By GREGORY ZELLER //
Potential triggers for crippling backaches and revolutionary cancer treatments marked a big week for the human spine at Northwell Health.
First, on Nov. 14, the health system announced that North Shore University Hospital had become the first center in the eastern U.S., and second nationally, to perform combined kyphoplasty intraoperative radiation therapy – a cutting-edge treatment for spinal metastasis, a common development for all patients with systemic cancers.
The Feinstein Institute for Medical Research, Northwell Health’s R&D arm, followed that breakthrough announcement Nov. 15 with word that researcher Nadeen Chahine has received a $1.8 million National Institutes of Health grant to study how inflammation affects degenerative disc diseases of the spine.
Chahine, director of Feinstein’s Bioengineering-Biomechanics Laboratory and an associate professor of molecular medicine at the Hofstra Northwell School of Medicine, earned the five-year R01 grant from the NIH’s National Institute of Arthritis and Musculoskeletal and Skin Diseases.
Her study, “Mechanobiology of Inflammation in Intervertebral Disc,” will hunt down the triggers of degenerated intervertebral discs, a condition that causes debilitating pain that starts in the lower back, buttocks and thighs and often radiates to other areas.
Contemporary treatments for degenerated IVD – in which rubbery spinal discs shrink and lose integrity – include physical therapy, pain medication and surgery, though none is known to completely eliminate the pain.
Specifically, Chahine – who is also an associate investigator at the Feinstein Institute’s Center for Autoimmune and Musculoskeletal Diseases – will observe interactions of the “high mobility group box 1” molecule, a protein released by dying or distressed cells.
The biomedical engineer’s focus: whether the HMGB1 molecule triggers inflammation and disc degeneration. It’s a question of potentially enormous importance – Chahine references studies showing 40 percent of U.S. adults are affected by some level of degenerated IVD, with annual treatment costs spiraling past $100 billion.
Better understanding how inflammation hampers a disc’s ability to bear load could create alternate treatments that slow down – or possibly reverse – worsening conditions like degenerated IVD.
Calling the condition “understudied,” Chahine said she was “extremely grateful” to NIAMS for funding her unique mechanobiological research, which will involve a team of bioengineers, clinicians and biologists.
“It is our hope that this study will get us closer to a treatment of disc degeneration,” Chahine said in a statement.
Further along the developmental path is the groundbreaking spinal metastasis treatment performed Nov. 3 at North Shore University Hospital, only the second time a Kyphoplasty IORT has been attempted in this country.
According to Northwell Health, the patient – battling a Stage 4 colon cancer that had metastasized to his spine – suffered debilitating pain even after undergoing traditional external radiation therapy.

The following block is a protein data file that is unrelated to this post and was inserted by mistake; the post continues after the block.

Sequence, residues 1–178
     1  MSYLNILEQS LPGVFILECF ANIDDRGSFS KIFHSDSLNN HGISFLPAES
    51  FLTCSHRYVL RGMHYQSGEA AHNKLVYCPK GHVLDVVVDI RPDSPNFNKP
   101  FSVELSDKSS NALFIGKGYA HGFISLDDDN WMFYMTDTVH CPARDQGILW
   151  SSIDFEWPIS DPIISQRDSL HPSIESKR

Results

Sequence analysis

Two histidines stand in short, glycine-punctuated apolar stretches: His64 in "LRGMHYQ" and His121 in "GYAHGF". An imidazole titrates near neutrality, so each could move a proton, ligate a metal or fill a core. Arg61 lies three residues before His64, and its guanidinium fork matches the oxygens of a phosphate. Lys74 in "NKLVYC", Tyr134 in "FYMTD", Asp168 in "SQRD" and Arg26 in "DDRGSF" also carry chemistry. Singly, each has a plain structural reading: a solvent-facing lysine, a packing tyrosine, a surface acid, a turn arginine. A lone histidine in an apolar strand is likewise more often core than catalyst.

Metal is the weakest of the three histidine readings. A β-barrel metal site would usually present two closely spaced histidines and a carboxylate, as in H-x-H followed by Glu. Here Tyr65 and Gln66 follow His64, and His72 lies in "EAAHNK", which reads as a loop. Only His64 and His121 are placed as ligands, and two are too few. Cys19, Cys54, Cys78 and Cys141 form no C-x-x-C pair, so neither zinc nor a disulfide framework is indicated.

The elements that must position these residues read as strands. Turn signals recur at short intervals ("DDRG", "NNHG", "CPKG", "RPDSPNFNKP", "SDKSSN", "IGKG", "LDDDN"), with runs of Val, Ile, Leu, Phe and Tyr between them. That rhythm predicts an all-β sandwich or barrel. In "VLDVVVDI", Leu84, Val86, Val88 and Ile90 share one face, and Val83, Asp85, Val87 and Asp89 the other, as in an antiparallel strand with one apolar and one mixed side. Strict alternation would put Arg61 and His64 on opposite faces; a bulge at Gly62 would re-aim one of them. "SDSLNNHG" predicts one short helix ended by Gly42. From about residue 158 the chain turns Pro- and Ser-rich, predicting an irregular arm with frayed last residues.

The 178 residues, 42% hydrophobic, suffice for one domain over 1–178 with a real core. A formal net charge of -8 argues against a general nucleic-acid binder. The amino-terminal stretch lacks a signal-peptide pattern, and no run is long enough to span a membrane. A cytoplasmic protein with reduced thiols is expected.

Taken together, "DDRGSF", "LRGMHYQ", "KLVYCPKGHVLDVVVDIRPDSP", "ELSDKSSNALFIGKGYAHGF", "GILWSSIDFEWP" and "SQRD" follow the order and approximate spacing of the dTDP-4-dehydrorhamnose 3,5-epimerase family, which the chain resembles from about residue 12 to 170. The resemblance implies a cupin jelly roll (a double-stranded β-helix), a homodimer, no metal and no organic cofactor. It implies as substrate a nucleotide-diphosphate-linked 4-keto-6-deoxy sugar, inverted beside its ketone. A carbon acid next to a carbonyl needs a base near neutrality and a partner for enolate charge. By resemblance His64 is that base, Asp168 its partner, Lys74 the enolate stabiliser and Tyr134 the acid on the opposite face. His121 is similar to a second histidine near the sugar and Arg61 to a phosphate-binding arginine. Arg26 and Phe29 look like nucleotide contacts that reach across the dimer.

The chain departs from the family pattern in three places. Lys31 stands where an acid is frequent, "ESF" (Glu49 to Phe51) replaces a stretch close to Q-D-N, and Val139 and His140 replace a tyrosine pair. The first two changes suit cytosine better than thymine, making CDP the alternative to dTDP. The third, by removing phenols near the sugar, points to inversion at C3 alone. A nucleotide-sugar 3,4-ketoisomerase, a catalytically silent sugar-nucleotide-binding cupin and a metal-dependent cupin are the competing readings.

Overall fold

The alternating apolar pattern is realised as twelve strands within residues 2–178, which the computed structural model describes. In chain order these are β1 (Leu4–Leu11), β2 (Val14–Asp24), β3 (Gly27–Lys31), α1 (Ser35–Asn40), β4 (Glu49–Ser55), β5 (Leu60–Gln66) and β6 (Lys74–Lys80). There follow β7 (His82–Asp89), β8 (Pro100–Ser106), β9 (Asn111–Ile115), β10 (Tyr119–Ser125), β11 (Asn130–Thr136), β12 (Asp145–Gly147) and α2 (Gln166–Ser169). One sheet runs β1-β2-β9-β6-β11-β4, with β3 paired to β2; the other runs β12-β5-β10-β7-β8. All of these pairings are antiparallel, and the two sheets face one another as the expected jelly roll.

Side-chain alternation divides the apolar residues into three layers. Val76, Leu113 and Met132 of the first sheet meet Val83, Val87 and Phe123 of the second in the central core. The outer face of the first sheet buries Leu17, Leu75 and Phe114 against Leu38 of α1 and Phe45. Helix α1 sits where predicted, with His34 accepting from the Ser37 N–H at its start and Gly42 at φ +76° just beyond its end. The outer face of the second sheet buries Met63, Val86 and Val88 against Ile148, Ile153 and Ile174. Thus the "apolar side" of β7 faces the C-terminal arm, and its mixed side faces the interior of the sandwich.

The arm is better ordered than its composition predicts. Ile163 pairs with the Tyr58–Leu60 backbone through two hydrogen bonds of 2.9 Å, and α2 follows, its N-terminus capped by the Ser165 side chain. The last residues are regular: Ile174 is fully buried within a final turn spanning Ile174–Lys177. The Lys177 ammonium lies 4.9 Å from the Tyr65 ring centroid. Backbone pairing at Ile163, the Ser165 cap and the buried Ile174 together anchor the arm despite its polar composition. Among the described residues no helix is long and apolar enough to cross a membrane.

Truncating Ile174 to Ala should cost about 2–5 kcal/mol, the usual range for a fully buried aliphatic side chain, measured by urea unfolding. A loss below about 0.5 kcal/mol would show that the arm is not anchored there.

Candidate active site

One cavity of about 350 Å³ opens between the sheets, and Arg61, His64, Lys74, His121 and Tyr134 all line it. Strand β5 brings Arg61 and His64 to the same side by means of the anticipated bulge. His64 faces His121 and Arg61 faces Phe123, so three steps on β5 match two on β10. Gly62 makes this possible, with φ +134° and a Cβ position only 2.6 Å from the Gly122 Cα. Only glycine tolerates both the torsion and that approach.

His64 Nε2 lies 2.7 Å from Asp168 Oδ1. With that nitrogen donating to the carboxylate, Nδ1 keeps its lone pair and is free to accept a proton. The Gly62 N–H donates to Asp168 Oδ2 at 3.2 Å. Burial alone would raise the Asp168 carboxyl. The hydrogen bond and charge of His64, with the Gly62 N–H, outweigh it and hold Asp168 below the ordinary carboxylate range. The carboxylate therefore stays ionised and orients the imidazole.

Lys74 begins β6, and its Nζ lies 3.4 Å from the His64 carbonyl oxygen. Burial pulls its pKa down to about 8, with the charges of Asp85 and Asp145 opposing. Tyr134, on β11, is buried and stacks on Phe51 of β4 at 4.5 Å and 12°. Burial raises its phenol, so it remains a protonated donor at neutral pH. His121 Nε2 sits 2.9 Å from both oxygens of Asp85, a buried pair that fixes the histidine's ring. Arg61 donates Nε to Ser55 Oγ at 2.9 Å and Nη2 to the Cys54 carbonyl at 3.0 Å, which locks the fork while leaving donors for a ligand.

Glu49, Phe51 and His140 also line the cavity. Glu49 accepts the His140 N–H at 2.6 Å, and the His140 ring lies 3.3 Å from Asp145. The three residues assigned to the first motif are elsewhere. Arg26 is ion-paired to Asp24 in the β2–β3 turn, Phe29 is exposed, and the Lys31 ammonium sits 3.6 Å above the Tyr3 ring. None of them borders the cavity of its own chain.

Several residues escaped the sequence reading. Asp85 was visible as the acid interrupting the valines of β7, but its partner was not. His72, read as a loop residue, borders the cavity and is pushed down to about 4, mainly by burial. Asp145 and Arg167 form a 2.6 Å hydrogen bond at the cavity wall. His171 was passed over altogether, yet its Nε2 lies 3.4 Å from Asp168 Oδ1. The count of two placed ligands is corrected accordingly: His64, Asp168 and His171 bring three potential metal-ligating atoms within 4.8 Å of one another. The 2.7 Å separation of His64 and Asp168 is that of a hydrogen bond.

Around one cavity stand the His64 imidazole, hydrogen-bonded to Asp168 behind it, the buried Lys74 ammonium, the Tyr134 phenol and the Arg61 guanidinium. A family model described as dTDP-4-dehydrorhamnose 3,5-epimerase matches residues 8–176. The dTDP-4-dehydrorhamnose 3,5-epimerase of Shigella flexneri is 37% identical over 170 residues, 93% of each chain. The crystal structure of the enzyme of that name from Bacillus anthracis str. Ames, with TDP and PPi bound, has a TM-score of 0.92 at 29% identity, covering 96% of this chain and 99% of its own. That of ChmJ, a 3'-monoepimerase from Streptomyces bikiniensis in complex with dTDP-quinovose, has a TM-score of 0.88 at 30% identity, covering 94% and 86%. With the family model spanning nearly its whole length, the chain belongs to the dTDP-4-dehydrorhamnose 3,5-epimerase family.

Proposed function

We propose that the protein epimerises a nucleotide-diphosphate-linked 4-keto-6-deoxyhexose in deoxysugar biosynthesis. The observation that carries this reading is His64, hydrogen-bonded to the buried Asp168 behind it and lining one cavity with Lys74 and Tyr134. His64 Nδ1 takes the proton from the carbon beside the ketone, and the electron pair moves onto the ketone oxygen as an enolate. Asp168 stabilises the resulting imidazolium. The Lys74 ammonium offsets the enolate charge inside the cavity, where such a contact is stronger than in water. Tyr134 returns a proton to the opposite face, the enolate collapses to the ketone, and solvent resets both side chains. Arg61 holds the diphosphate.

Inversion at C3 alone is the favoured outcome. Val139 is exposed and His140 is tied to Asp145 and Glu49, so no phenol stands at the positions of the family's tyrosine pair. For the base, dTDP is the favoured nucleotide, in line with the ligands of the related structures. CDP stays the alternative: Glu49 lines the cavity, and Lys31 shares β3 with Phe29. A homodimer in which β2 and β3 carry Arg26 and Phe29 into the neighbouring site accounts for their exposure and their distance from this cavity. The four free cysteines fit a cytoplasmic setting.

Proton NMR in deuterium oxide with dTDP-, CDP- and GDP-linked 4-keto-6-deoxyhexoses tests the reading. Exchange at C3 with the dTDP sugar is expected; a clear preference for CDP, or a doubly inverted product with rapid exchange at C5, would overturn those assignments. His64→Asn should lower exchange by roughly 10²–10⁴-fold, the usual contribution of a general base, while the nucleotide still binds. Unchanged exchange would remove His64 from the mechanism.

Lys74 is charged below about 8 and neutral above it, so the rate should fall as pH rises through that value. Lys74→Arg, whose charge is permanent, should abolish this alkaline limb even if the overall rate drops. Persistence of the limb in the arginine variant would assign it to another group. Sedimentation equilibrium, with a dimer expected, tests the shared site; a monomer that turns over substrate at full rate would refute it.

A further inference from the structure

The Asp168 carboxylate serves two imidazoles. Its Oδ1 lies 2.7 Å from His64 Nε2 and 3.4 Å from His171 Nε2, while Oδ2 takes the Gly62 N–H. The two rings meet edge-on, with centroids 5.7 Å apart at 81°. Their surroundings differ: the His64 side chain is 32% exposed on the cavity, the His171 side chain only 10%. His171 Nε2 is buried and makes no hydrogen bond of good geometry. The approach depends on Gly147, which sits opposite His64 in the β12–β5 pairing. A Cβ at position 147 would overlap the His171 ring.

That’s a fairly common story: spinal metastases develop in 40 percent of cancer patients, and one in five of those will require a kyphoplasty, a surgical intervention used primarily to mitigate spinal-fracture pain, stabilize bone and treat vertebrae after compression fractures.
Following a spine-stabilizing kyphoplasty, most spinal metastasis patients are prescribed a short course of conventional external-beam radiation therapy. But that has not proved out as a long-term solution, according to NSUH radiation oncologist Maged Ghaly, who noted “short-term pain control and low rates of complete response to pain.”
“Furthermore, approximately 20 percent of patients will suffer pain progression following cEBRT, requiring treatment,” Ghaly said.
In this case, the patient, who suffered from a painful vertebral fracture caused by the spinal tumor, risked progression of his spinal fracture if he underwent a second course of external radiation.
So Ghaly joined neurosurgeon Ahmad Latefi Nov. 3 to perform a Kyphoplasty IORT, a minimally invasive joint procedure that originated with a German biotech. The Kypho-IORT is meant to offer the stabilization benefits of a kyphoplasty with a single dose of intraoperative radiation – a “novel approach,” according to Latefi, just right for “potentially unstable spinal cord metastases” in a patient with risks related to prior spinal radiation.
Though minimally invasive, the procedure was complex. Latefi made a small spinal incision and inserted an Intrabeam “needle applicator” manufactured by German biotech Carl Zeiss Meditec, while Ghaly performed the IORT, delivering precision radiation treatment directly into the tumor, sparing the spinal cord and surrounding tissue.
Latefi also inserted a tiny spinal catheter to “restore the height of the vertebrae,” Northwell Health said, while the team injected “a cement-like substance” into the spine to fortify the vertebrae against future collapse.
The patient was discharged the same day and, while still battling his colon cancer, was “able to resume his daily activities,” according to the health system, which is permanently adding the Kypho-IORT to its treatment options.
“This integrated palliative treatment option improves the patient’s quality of life with quicker pain relief,” Latefi said. “And without interrupting their systemic therapy.”